I’d also changed my presentation style and was more boisterous than normal. (for anyone who knows me in person, this would be pretty intense). My theory was that if I captured their attention, it would provoke them to treat my class differently to any of their others. After all, if i’m putting the effort in, they would reciprocate, wouldn’t they? Well i’m pleased to say that after 2 weeks (yes it’s early days still) i’ve had more students hang around for the full class than before and most importantly, when i’ve run overtime nearly 70% of my students are staying back (up to an hour – 10pm at night) to ask questions and learn more.

It still awaits to be proven whether this approach makes a difference with their assignments, but certainly I’ve seen a rather large improvement in the participation of students. I’m attributing this to a combination of making the classes more entertaining, and slicing the content so it’s easily digested. Historically this has been pretty bad at university level. Hopefully this time i’ve hit a winning formula.

This week, I hit an interesting problem which I don’t feel like was solved in the best possible way. The problem was that we needed to filter a list of objects based on some known criteria. Testing the specification is pretty important as there are a series of and’ed negating conditions (eg: IF this AND NOT that AND NOT the other etc…), in total about 5 unique criteria for the one filter.

Ordinarily this kind of implementation would lend itself nicely to the Specification Pattern given that all information required to determine if the specification is satisfied exists on the object member being passed in at the time of evaluation. In my case, however, I had 3 conditions that the object being evaluated must not exist in 3 different lists. To give you an example the object under evaluation is a model, and this step of filtering is part of a much larger process involving running the model through a recursive algorithm. At each step of the algorithm, the model object could have

  • Run through the algorithm succesfully
  • Been aborted during execution of the algorithm
  • Still awaiting to be executed through the algorithm

These three states are tracked by keeping 3 lists – one for each criteria. The filter that I was working on had to filter based on whether the model under evaluation was NOT in those three lists. I realise the wordiness of me explaining this doesn’t really clear the air, so lets look at some code (with relevant types changed).

This is my model:

    public class User
    {
       public bool Enabled { get; set; }
       public string Name { get; set; }
       public UserType TypeOfUser { get; set; }
    }

The code which uses my filter looks something like this. This guy will be called recursively based on the result that gets returned from here. In this case, i’m building the allValidUsersFilter.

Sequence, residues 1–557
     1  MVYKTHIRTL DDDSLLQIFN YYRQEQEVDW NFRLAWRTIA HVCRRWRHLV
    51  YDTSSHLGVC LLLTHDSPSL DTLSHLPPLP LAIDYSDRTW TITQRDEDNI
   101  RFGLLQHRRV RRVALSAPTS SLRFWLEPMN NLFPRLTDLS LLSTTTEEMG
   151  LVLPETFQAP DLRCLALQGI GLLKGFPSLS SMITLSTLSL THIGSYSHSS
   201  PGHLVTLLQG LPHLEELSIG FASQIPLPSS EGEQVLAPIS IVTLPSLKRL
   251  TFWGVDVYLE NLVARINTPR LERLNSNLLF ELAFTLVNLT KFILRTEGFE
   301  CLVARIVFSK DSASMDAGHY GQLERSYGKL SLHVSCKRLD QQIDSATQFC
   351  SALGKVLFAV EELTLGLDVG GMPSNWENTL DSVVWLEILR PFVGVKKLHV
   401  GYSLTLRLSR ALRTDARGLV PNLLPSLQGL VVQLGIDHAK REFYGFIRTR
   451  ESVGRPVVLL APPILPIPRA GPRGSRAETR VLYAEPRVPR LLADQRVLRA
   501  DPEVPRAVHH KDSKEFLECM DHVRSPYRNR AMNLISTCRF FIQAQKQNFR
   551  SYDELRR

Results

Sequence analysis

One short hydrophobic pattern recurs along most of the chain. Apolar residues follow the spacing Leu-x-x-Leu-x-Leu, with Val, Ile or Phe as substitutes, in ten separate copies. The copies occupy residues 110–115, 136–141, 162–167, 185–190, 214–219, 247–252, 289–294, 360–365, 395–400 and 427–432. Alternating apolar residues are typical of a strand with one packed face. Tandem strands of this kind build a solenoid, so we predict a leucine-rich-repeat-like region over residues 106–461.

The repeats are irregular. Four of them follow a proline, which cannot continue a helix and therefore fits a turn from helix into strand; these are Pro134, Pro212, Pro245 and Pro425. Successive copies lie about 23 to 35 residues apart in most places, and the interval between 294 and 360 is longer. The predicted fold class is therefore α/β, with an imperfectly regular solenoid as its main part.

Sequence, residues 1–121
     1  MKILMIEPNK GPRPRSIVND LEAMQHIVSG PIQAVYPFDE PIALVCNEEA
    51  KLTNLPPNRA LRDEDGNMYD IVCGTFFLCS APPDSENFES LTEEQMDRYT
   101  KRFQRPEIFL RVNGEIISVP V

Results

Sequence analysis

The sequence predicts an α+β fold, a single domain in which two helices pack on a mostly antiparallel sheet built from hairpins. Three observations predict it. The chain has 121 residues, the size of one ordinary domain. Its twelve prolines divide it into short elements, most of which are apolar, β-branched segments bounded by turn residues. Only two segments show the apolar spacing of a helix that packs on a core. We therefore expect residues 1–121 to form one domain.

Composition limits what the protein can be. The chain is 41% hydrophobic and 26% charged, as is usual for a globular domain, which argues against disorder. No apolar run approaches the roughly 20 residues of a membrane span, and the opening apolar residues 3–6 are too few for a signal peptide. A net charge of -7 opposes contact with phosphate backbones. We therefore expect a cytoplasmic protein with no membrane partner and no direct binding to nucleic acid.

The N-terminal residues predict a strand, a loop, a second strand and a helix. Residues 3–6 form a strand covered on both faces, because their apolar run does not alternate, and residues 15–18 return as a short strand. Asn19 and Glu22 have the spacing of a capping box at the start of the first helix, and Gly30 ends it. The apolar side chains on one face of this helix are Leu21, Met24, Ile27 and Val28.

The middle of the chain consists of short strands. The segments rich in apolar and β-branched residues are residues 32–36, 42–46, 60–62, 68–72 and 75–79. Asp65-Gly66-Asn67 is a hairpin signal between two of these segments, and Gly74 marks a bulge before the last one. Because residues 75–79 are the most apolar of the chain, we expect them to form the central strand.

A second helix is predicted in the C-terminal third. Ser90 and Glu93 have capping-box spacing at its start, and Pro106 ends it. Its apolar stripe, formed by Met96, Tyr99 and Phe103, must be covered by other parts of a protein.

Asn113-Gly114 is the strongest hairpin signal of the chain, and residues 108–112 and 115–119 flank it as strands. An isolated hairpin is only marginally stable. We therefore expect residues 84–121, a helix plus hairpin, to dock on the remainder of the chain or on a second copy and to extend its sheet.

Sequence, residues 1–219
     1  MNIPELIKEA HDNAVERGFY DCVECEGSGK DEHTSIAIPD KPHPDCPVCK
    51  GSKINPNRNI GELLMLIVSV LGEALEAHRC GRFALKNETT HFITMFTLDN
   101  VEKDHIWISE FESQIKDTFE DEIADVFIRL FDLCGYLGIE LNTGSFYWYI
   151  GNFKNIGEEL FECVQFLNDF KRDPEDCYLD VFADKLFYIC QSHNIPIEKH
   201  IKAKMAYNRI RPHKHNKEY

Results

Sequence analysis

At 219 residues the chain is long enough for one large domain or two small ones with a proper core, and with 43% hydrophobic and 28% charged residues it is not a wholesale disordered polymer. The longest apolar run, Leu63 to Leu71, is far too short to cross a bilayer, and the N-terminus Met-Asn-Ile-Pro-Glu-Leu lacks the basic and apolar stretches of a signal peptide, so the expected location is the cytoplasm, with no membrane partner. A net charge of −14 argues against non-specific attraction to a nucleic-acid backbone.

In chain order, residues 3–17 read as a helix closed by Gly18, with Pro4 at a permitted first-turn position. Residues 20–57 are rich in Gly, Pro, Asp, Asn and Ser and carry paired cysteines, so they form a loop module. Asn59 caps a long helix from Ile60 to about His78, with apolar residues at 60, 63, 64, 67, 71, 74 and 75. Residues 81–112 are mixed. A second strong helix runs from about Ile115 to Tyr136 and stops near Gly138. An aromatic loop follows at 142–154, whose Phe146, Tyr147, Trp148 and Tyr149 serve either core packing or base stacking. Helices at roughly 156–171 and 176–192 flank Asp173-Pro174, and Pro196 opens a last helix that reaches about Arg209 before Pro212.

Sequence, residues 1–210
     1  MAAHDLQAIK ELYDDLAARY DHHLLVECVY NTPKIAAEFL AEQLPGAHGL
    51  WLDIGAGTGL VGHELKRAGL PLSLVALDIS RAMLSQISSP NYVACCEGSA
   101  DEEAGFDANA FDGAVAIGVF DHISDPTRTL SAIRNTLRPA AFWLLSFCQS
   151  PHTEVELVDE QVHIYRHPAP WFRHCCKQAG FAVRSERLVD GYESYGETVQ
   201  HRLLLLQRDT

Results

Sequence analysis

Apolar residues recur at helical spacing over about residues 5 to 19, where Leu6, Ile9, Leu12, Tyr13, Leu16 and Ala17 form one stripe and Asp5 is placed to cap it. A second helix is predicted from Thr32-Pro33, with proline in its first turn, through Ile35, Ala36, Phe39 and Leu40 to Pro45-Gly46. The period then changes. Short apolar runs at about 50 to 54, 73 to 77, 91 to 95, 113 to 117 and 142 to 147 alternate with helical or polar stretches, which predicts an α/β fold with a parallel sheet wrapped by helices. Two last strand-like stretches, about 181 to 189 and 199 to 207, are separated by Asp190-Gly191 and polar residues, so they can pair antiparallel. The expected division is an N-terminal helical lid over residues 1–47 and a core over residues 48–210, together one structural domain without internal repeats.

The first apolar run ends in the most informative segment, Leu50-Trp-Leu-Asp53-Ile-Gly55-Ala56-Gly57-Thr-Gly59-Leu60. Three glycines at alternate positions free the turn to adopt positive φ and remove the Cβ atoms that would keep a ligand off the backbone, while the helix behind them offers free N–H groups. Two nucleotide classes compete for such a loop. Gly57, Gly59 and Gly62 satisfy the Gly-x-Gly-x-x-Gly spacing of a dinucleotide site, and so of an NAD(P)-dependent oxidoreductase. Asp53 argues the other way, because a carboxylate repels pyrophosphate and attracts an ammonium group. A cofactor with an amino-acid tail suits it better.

public class ReplacementUserFinder
{
        ...ctor...fields...etc

        public User FindReplacementUser(User userToReplace, IList<User> allPossibleUsers, IList<User> usersStillToBeEvaluated, IList<User> usersAlreadyEvaluated, IList<User> usersAbortedDuringEvaluation)
        {
            var validUsers = _allValidUsersFilter.Filter(allPossibleUsers, usersStillToBeEvaluated, usersAlreadyEvaluated, usersAbortedDuringEvaluation);
            var replacementUser = _bestReplacementCandidateFinder.Find(validUsers, userToReplace);

            return replacementUser;
        }
}

and the interface for the AllValidUsersFilter – it’s purpose is to filter the list of all users to a list of potential candidates given the list of all users:

        public IList<User> Filter(IList<User> allpossibleUsers, IList<User> usersStillToBeEvaluated, IList<User> usersAlreadyEvaluated, IList<User> usersAbortedDuringEvaluation)
        {
            return allpossibleUsers.Where(x => 
                _isUserEnabledSpecification.IsSatisfiedBy(x) &&
                _isOverseasUserSpecification.IsSatisfiedBy(x) &&
                    !_isUserStillToBeEvaluatedSpecification.IsSatisfiedBy(x, usersStillToBeEvaluated) &&
                    !_isUserAlreadyEvaluatedSpecification.IsSatisfiedBy(x, usersAlreadyEvaluated) &&
                    !_isUserAbortedDuringEvaluationSpecification.IsSatisfiedBy(x, usersAbortedDuringEvaluation)
            ).ToList();
        }

The specification instances here are being ctor injected into my filter’s instance so that I can use a behavioural style assertion to check that the specification is invoked correctly by the filter.

The IsUserEnabledSpecification, and IsOverseasUserSpecification just use the well-known ISpecification interface pattern, but in order to evaluate the the other three, I had to create an IListSpecification and it feels somehow unsatisfying because the only thing different between them is that I have to pass in the list to the IsSatisfiedBy methods.